The European Medicine Agency (EMA) announced today that its Committee on Human Medicines (CHMP) has provided a positive benefit-risk opinion on the use of the dapivirine vaginal ring (DPV-VR) for HIV prevention.
DPV-VR is used to reduce the risk of acquiring HIV during vaginal sex for women over the age of 18 who are at greater HIV risk, in combination with safe sex practices when oral pre- Proliferation prophylaxis (PrEP) is not used, cannot be used, or is not available.
The antiretroviral drug Depivirin is released slowly from the ring into the vagina over a month. The ring is made of silicone and is easy to bend and place in the vagina.
The vaginal ring was developed as a woman-initiated option to reduce the risk of HIV infection. The ring should be worn vaginally for 28 consecutive days, after which it should be replaced with a new ring.
DPV-VR may not be used by women other than safe sex practices or access to oral PrEP as a complementary prevention approach for use by women. While contraceptive vaginal rings have been available for many years, DPV-VR is the first vaginal HIV prevention product. Research is underway to develop a vaginal ring that includes both contraception and HIV prevention.
This CHMP scientific opinion is part of EMA's collaboration with the WHO, named EU-Medicines 4 All (EU-M4all), under Article 58 of Regulation (EC) No 726/2004; The EMA provides scientific opinion on high-priority medicines for markets outside the European Union, particularly facilitating access to low and middle-income countries for products that prevent or treat diseases of major public health importance, including HIV. For making.
An EMA positive opinion paves the way for regulatory approval for RING in countries where women can benefit from additional HIV prevention options. The CHMP has indicated that it is looking for further safety and efficacy data in young women (ages 18 to 25) and on resistance testing in women who become HIV positive (seroconverters). The WHO will review the scientific evidence related to DPV-VR and the values and preferences of women as part of its ongoing ARV guideline process, but not yet recommended for its use.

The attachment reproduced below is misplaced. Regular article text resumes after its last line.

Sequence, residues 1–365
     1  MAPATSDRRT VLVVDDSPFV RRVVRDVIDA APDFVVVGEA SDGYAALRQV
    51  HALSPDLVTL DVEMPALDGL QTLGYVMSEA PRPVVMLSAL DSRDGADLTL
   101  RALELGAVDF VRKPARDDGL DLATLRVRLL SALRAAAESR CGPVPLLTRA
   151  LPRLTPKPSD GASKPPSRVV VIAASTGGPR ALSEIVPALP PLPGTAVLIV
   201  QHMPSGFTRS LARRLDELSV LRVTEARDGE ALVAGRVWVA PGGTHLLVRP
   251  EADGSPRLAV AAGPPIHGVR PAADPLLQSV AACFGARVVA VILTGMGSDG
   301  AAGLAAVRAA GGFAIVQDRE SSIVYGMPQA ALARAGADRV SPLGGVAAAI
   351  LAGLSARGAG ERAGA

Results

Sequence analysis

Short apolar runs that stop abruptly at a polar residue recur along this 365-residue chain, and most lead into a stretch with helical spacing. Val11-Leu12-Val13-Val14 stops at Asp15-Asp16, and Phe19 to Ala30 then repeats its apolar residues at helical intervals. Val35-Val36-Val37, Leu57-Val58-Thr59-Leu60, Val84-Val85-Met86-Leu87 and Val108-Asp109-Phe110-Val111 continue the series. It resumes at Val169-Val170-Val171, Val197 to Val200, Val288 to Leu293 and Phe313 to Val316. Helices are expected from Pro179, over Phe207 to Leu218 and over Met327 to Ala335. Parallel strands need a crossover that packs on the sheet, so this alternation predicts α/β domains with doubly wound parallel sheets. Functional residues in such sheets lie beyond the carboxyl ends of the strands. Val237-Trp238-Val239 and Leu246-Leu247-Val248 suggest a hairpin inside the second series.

“This decision opens the doors for prep access for women. The Dapivirin Vaginal Ring Safety Profile is a real winner, making over-the-counter, easily accessible SAP products with real end-user control available for women a real possibility. The future of multi-purpose intraveginal products other than contraception is something we can now look forward to. We thank the EMA for their thorough and considerable review and celebrate these results for our daughters and their children. ”Chief Research Officer at Kenya Medical Research Institute (KEMRI) and head of the Sexual, Reproductive and Adolescent Child Health Research Program (SRACH-RP). Nelly Mugo said.
“We learned from the example of oral PrEP that women would use the products when they were researched and got to work. Women need options and we hope that Ring can join these options in the future. ”Said Nemo, community representative, Zimbabwe.
In many parts of eastern and southern Africa, adolescent girls and young women experience unacceptably high HIV incidence. Women want more HIV prevention options. The DPV ring adds to the available options.
“The ring is unique in such a way that I do not have to compromise or confront anyone because it is thoughtful. It empowers me that I can protect myself without seeking consent from anyone ”Cleopatra Makura, young female lawyer, Zimbabwe.
The WHO emphasized that while providing HIV prevention for women, linking to STI diagnosis and treatment, HIV testing and antiretroviral therapy, it is always important to provide other services including positive testing for all women and a range of contraceptive options. Services should also be provided for women who experience intimate partner violence and health care workers need training to provide services that honor women and are inclusive in all their diversity.
“The monthly dapivirin ring provides women with the first thoughtful, long-acting HIV prevention choice. Although the efficacy of the DPV ring is probably lower than that for oral daily PrEP, it may offer an option for women who are unable to take oral PrEP as part of comprehensive HIV and SRH services. "Dr. Sinead Delany-Moretlwe, HPTN 084 Protocol Chair, Wits RHI, South Africa.